Before fleeing Syria and during the journey to Turkey, many Syrians have witnessed or experienced the death of loved ones, physical harm, violent and terrifying situations. The psychological impact of conflict-related violence coupled with the ongoing stressors related to displacement can have a significant impact on the mental health and psychosocial well-being of Syrian refugee adults and children. Some of these ongoing challenges include lack of resources, risks of exploitation, violence, discrimination, disruption of social networks, and lack of livelihood options. These challenges can result in a sense of hopelessness, which in turn contribute to psychological distress, increased family violence, diminished sense of dignity and control, and a reliance on negative coping skills (Hassan, Kirmayer, & Mekki-Berrada, 2015). Pre-existing mental health conditions may be exacerbated, or psychosocial distress may be brought on by daily stressors (Hassan et al., 2015). As the conflict shifts into a protracted crisis, it is important to gain and understanding of Syrian culture-specific expressions of distress, healing practices, and coping strategies. Understanding the way in which Syrians may experience and cope with psychological distress and mental health problems can offer practitioners insight into how to be the most helpful. This can be used to develop programming that is most effective for the Syrian refugee population, shaping community initiatives to promote resilience and increase the use of positive coping mechanisms.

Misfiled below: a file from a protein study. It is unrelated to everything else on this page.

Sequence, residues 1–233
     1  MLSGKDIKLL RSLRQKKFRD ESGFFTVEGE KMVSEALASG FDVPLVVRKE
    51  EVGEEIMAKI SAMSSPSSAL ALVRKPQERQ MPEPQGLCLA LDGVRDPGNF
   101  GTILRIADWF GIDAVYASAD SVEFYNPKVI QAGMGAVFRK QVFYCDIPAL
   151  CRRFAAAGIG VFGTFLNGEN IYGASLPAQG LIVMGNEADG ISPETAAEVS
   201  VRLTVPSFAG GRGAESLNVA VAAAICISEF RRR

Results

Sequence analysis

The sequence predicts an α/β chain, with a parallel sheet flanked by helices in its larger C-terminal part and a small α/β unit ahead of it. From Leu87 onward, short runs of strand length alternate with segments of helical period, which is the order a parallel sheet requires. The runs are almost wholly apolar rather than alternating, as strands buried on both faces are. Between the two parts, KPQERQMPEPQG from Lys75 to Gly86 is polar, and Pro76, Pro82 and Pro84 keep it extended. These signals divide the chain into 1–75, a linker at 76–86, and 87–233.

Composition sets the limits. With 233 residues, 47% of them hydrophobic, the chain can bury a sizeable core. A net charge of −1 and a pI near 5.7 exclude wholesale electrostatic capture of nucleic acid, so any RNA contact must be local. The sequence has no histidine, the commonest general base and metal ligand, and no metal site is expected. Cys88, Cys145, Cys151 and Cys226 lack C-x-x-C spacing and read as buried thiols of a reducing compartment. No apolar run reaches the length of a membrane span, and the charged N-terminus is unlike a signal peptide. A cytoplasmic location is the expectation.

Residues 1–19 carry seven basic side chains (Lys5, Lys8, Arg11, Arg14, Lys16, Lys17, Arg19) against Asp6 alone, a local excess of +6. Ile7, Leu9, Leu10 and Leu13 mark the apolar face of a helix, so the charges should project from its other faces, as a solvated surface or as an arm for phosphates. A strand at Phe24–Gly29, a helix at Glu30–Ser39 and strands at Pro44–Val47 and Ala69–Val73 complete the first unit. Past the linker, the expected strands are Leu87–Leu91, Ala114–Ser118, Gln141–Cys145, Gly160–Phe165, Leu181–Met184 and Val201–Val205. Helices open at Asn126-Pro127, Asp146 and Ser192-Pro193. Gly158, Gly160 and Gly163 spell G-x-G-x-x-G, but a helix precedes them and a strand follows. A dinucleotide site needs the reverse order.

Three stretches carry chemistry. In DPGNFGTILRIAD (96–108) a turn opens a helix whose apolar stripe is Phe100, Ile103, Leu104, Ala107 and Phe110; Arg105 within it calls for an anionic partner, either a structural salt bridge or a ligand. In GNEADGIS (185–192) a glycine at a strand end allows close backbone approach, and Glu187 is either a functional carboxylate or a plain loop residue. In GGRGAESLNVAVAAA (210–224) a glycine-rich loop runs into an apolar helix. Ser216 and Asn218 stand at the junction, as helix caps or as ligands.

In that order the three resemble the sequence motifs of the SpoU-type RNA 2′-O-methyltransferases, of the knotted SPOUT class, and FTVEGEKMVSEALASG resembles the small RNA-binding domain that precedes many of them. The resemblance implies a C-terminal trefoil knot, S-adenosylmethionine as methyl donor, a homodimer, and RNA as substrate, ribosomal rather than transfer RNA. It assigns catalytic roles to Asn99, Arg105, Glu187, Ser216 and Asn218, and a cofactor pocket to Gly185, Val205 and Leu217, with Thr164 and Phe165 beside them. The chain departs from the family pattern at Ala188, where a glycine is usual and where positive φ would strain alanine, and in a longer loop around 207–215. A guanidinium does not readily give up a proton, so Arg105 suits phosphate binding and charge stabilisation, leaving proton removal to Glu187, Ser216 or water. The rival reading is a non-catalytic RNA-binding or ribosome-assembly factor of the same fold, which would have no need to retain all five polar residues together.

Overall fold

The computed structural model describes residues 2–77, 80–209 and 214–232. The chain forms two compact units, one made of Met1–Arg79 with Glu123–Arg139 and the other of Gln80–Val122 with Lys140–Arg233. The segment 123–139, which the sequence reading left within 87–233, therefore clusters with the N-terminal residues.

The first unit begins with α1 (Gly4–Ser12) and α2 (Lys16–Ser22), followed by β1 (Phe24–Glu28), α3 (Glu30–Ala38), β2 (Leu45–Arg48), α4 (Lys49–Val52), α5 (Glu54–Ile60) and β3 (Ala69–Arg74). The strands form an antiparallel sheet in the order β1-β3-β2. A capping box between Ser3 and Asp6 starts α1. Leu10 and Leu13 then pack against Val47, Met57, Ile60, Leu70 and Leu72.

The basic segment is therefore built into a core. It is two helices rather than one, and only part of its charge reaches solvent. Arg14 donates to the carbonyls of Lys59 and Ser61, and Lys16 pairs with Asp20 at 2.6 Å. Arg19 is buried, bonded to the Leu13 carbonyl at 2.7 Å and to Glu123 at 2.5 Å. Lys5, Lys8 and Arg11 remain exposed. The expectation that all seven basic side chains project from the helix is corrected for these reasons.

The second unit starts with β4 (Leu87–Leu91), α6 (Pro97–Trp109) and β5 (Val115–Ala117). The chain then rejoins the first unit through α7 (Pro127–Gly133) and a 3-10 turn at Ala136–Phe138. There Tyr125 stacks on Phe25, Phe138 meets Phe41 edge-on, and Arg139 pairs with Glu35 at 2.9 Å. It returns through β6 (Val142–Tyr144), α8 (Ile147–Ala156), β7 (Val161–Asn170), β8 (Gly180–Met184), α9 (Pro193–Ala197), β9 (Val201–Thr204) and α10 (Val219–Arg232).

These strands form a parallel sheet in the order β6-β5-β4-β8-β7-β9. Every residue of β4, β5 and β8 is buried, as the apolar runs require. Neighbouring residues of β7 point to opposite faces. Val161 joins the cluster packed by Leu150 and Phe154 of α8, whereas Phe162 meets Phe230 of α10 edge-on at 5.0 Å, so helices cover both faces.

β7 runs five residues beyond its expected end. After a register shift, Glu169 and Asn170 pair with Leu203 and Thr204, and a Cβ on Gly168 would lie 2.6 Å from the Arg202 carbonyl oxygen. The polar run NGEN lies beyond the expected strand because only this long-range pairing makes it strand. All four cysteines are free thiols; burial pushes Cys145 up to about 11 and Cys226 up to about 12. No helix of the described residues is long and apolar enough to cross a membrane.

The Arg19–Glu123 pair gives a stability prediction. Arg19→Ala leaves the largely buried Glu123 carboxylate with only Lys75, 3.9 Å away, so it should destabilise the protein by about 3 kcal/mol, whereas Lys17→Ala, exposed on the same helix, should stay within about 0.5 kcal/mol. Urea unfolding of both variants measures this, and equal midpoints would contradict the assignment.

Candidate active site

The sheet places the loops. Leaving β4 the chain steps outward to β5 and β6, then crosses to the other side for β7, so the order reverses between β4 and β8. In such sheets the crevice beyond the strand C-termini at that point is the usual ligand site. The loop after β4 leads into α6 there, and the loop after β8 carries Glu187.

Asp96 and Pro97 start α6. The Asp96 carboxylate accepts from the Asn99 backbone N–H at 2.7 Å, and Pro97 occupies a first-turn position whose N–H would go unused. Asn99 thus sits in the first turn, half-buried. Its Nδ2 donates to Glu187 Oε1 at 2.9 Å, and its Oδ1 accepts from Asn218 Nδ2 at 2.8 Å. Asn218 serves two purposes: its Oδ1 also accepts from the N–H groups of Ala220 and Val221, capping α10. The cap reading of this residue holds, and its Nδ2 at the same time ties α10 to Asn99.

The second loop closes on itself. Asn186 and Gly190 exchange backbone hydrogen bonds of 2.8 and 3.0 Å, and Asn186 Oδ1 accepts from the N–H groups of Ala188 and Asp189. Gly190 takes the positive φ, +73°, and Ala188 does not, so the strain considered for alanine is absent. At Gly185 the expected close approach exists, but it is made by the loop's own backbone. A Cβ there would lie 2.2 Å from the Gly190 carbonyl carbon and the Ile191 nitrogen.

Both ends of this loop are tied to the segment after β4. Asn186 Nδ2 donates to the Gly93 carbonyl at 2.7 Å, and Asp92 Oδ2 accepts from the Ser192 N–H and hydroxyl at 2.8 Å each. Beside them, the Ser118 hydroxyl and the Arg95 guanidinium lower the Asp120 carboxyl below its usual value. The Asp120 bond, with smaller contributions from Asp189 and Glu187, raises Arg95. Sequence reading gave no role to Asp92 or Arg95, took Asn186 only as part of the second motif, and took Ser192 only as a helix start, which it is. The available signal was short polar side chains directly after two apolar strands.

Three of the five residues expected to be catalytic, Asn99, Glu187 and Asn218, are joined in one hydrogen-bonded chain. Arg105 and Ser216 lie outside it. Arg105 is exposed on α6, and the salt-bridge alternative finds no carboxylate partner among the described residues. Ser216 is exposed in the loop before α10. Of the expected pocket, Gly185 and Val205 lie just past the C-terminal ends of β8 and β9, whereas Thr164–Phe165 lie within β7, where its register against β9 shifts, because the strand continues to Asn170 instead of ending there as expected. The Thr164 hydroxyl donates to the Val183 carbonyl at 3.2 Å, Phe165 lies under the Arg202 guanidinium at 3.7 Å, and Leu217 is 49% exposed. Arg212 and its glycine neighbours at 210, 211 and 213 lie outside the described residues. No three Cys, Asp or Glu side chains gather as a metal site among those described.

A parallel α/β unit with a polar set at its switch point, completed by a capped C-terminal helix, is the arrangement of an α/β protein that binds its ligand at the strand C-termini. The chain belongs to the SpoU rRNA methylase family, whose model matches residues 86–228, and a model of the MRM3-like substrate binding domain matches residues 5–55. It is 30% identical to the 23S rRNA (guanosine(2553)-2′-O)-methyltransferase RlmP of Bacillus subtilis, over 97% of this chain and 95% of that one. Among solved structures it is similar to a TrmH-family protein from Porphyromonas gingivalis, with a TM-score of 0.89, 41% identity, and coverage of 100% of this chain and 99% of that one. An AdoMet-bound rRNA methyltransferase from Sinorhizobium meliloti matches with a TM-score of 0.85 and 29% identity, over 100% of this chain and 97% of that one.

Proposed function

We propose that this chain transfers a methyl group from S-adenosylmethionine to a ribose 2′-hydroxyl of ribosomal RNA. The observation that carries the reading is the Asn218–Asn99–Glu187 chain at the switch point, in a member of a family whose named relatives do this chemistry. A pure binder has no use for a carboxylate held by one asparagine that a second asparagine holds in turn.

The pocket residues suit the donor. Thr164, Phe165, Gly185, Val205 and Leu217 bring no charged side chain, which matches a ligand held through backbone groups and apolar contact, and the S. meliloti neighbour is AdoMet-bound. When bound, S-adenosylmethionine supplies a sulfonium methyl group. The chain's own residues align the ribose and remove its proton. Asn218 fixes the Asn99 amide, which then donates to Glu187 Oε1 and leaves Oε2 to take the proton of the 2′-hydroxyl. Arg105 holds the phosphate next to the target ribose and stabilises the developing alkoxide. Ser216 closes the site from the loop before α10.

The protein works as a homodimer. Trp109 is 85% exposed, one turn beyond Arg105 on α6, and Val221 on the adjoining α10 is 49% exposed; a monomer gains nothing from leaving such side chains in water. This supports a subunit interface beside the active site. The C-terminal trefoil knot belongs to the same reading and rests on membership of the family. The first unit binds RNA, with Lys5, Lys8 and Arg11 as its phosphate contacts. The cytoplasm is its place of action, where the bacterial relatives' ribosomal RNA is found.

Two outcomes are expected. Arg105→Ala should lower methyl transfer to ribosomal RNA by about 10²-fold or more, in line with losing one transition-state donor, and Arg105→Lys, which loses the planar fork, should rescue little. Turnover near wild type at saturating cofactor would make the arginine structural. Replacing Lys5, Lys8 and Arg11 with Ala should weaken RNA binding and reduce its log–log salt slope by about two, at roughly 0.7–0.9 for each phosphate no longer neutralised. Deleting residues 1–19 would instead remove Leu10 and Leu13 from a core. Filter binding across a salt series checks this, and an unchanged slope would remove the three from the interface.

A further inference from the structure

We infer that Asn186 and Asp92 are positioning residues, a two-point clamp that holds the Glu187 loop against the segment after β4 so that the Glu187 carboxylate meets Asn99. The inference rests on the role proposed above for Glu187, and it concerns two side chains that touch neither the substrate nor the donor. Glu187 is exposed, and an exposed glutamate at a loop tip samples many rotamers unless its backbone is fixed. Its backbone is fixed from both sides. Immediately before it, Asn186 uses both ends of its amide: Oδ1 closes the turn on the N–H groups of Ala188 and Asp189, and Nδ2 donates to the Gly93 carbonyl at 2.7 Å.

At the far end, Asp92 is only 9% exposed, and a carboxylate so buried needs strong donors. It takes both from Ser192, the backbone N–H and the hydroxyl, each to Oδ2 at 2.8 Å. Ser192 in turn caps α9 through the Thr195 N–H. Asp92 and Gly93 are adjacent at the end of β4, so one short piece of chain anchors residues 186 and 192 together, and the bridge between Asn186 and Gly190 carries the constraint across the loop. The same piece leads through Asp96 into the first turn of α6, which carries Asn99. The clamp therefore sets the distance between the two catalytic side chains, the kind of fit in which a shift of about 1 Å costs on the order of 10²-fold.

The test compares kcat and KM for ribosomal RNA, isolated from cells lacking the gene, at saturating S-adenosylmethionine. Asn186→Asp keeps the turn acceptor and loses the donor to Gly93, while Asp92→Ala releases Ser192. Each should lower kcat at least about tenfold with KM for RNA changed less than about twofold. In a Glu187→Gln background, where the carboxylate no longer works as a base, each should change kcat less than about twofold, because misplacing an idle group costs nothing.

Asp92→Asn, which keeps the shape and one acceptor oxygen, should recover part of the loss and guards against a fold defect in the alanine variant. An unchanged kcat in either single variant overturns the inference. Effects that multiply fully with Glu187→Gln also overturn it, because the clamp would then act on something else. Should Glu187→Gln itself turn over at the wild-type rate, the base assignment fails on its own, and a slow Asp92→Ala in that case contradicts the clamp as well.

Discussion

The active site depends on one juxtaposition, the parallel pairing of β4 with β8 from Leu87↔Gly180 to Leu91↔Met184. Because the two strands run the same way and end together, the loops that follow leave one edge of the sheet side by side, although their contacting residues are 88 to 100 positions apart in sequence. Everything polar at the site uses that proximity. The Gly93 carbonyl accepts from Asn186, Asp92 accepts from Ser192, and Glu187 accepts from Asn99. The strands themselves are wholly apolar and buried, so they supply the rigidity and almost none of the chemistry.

In 2018, UNHCR considered prioritizing the response for children identified at higher risk, as a part of its priority activities, UNHCR concentrates on this priority through a child protection systems-building approach. UNHCR’s capacity development for staff and partners emphasizes best interest procedures as part of the individual Case Management System.